When mom brings her first baby home, she may have expectations of cuddling her baby and fitting back into her pre-pregnancy pants quickly. Though the cuddling is a given and the getting back into the pants a possibility one day, there are plenty of things mom probably doesn't expect.
Since babies don't come with instructions and even the well-meaning advice of friends and family isn't always helpful, mom is left to figure out how to be a parent without a rule book. It's exciting and terrifying, filling those early days with the sleep deprived blur of dreams and nightmares combined.
The good news is mom learns from those early days, especially the first week she is home with her baby. While the hospital may have offered a cocoon-like existence since there was help available all the time, coming home with an infant is the time mom feels tested the most.
Babies sleep cycles, eating routines, and moods change regularly as they adjust to the world outside of the womb. Mom will notice in those early days only a rhythm she can follow, and it is usually one of chaos. Those early days are sweet and amazing when it comes to bonding, but they can also be trying.
Lessons from moms who have been through it before help the rest of us know what to expect and how to survive the early days. These tips will help mom prepare herself for life at home with an infant.
15 Recovery Is Not A Quick Process
Regardless of whether mom is recovering from a vaginal or surgical delivery, recovery is not instant. In fact, when mom comes home from the birthing center or hospital, most of her recovery is still in front of her.
Carrying a child for nine months is hard on the body, and then giving birth takes a massive amount of energy and causes mom to lose blood. When that is over, mom's body starts the process of trying to let down milk. All of this happens while mom heals from surgical cuts, tears, or episiotomies.
While every day tends to get a little easier where recovery is concerned, mom should expect to spend weeks or months getting back to feeling like her old self. That first week, mom's body will mostly feel foreign, fleshy and sore from birth and sleep deprived from caring for an infant. It's a long road to healing, and mom needs to take it one step at a time.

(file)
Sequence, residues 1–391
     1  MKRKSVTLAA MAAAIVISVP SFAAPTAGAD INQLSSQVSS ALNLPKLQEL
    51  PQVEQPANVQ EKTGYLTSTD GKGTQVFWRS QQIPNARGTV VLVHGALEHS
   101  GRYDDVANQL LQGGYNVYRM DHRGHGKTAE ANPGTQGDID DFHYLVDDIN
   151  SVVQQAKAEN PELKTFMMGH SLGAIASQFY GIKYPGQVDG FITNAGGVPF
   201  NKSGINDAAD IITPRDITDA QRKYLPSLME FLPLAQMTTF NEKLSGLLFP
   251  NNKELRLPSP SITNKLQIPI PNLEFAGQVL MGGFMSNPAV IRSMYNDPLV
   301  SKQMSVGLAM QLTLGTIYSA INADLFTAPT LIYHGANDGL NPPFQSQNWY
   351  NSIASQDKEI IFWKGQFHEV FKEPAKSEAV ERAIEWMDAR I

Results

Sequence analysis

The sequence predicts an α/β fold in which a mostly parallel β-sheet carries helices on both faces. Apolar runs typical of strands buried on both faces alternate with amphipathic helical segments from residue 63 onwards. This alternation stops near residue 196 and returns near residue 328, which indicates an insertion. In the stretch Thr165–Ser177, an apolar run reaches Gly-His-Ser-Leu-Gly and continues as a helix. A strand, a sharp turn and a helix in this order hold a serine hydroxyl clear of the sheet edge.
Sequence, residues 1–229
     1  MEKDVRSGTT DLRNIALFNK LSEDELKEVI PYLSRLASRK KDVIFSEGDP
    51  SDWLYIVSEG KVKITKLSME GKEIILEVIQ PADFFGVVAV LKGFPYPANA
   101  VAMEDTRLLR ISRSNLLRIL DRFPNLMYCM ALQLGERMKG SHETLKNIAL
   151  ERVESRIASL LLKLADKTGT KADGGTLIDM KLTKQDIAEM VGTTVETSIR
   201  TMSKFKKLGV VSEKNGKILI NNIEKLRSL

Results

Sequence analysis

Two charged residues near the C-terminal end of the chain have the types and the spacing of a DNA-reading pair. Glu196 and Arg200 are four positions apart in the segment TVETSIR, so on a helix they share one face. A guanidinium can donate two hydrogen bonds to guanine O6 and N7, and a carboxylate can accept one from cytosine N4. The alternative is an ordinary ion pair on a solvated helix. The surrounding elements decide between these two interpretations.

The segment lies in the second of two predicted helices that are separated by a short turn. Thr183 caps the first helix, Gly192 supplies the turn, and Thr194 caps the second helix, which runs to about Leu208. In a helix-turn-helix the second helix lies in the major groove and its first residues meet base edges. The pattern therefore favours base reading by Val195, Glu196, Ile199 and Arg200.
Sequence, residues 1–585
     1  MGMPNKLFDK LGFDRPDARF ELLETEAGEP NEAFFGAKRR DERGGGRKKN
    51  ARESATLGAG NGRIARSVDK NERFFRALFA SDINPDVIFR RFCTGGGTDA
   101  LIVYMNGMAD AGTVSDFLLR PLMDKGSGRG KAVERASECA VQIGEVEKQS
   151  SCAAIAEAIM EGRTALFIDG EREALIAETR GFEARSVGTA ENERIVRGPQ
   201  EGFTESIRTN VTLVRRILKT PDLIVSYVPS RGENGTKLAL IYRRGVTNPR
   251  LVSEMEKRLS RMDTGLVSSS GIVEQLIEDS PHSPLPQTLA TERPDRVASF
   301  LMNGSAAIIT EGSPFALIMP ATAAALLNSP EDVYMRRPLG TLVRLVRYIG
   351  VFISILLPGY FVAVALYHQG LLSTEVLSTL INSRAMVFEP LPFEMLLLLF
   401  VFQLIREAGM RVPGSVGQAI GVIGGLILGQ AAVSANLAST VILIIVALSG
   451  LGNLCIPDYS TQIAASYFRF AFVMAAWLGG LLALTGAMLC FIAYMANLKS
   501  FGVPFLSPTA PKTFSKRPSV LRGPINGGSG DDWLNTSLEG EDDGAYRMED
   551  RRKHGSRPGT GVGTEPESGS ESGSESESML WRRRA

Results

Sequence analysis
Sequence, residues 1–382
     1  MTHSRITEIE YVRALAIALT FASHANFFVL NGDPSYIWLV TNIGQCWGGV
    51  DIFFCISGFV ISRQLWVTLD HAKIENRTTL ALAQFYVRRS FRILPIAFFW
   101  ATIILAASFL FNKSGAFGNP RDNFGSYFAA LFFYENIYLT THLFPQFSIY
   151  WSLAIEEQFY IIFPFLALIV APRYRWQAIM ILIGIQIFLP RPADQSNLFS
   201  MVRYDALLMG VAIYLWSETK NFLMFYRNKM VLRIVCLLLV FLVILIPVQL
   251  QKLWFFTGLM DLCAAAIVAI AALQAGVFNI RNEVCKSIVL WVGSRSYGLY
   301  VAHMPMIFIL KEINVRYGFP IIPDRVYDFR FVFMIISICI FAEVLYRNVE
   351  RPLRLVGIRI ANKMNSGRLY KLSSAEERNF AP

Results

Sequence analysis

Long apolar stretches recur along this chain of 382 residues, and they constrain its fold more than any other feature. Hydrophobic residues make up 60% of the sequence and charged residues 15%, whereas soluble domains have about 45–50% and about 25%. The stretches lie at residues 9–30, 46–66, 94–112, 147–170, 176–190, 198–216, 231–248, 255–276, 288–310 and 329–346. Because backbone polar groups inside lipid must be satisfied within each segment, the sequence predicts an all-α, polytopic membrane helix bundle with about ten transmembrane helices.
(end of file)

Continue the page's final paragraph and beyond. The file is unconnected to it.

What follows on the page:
14 Breastfeeding Is Natural, But That Is Not The Same As Easy
Mom will hear throughout her pregnancy about how breastfeeding is a natural process. It is totally natural, but that doesn't mean it's easy. Just because the body can do something doesn't mean it won't pull a few tricks to complicate mom's life.
Breast is best, and that's been proven repeatedly. However, many moms report having trouble breastfeeding that first week home. A weak latch, low milk supply, or some unknown reason stands between mom and her desire to feed her child, and she feels like a failure because this was supposed to be so natural.
It's important to remember that asking for help when it comes to breastfeeding is fine, and it is a difficult task that may require some tweaks before it works perfectly. Mom doesn't need to feel bad if she needs help or if she decides to forego breast milk for formula.
13 It's All About Survival
The first week home with a newborn is life in the trenches, period. Mom may expect to come home and make homemade meals while folding baby laundry and snapping precious infant pictures to put on Instagram. None of that is probably going to happen.
For the Type A mom who needs that schedule, routine, and checklist to feel worthy and calm, this week can be rough. The only item on the to-do list needs to be "keep the baby alive". All that is required to accomplish this will fill all 24 hours and leave mom spent.
It can be very difficult to have life boiled down to simply feeding a child and keeping them content, but that is what it is to have an infant, especially in those first days when they are adjusting to life in the outside world. Survival is winning.
12 Those Parenting Books Make Great Doorstops
Look, there is absolutely nothing wrong with doing research before having a child. In fact, since this is the biggest event of mom's life, it's expected she will read some books, peruse some blogs, and find out everything she can about being a parent. The problem is her child is uniquely hers, and those parenting books are one-size-fits-all.
Mom will learn early that following other people's advice about how to raise a child is hit or miss. What helps one baby sleep may not affect another. The routine the parenting books claim will make an infant the most content child on earth really irks mom's infant. All the magic tricks to make life simple with a baby sometimes fall flat because there really is no magic to raising a human. It's just a whole lot of hard work.
11 Babies Never Stop Eating